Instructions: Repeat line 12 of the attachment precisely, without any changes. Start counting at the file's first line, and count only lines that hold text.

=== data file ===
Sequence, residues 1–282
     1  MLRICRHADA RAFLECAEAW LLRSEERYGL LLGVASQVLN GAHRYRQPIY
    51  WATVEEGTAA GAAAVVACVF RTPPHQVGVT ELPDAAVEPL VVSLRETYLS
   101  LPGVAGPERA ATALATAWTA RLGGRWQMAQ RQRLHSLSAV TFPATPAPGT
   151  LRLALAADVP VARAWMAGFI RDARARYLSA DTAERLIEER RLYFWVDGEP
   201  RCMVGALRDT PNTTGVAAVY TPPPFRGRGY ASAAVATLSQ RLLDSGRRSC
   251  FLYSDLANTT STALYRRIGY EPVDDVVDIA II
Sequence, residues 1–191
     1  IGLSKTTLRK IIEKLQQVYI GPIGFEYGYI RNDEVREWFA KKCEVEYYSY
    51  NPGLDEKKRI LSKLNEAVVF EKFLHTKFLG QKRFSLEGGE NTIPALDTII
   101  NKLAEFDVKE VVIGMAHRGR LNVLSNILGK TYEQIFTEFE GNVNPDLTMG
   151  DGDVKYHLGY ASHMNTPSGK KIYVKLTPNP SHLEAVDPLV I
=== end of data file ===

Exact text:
   151  DGDVKYHLGY ASHMNTPSGK KIYVKLTPNP SHLEAVDPLV I